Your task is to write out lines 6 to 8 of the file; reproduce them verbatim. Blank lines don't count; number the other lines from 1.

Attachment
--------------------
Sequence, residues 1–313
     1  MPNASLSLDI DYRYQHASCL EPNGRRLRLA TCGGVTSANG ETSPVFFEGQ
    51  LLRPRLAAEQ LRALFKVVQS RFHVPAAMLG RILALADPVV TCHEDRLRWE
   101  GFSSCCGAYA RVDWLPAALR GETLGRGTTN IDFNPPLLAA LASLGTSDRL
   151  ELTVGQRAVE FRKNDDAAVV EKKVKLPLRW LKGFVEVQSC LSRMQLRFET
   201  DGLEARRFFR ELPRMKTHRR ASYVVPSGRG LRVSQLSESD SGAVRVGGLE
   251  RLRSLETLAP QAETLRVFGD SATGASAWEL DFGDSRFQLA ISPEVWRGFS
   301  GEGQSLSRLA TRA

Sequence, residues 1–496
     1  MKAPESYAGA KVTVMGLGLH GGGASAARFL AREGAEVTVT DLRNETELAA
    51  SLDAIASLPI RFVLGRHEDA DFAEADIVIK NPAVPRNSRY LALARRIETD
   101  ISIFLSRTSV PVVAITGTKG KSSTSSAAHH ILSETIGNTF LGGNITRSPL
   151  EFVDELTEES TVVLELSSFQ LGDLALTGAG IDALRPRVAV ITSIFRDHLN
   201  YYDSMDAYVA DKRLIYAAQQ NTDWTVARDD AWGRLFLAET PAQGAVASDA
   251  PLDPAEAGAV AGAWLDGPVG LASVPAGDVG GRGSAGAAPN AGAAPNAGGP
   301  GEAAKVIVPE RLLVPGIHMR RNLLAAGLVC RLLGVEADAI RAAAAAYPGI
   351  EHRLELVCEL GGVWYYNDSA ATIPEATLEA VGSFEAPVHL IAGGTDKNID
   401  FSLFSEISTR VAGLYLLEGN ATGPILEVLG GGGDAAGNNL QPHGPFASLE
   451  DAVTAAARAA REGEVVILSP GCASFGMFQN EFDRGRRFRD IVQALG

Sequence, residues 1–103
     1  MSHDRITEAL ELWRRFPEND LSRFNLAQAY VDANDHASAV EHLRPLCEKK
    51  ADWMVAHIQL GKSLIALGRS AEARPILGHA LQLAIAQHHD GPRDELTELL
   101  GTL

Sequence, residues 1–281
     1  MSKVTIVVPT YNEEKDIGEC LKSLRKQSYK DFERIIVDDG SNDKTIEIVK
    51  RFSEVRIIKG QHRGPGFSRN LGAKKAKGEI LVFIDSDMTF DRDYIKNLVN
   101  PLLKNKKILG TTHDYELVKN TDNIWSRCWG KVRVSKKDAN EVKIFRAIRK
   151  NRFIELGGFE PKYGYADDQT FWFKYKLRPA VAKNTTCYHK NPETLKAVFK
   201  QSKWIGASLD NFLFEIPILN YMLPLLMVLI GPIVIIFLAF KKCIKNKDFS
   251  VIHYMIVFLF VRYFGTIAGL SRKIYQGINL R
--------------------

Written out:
   201  DGLEARRFFR ELPRMKTHRR ASYVVPSGRG LRVSQLSESD SGAVRVGGLE
   251  RLRSLETLAP QAETLRVFGD SATGASAWEL DFGDSRFQLA ISPEVWRGFS
   301  GEGQSLSRLA TRA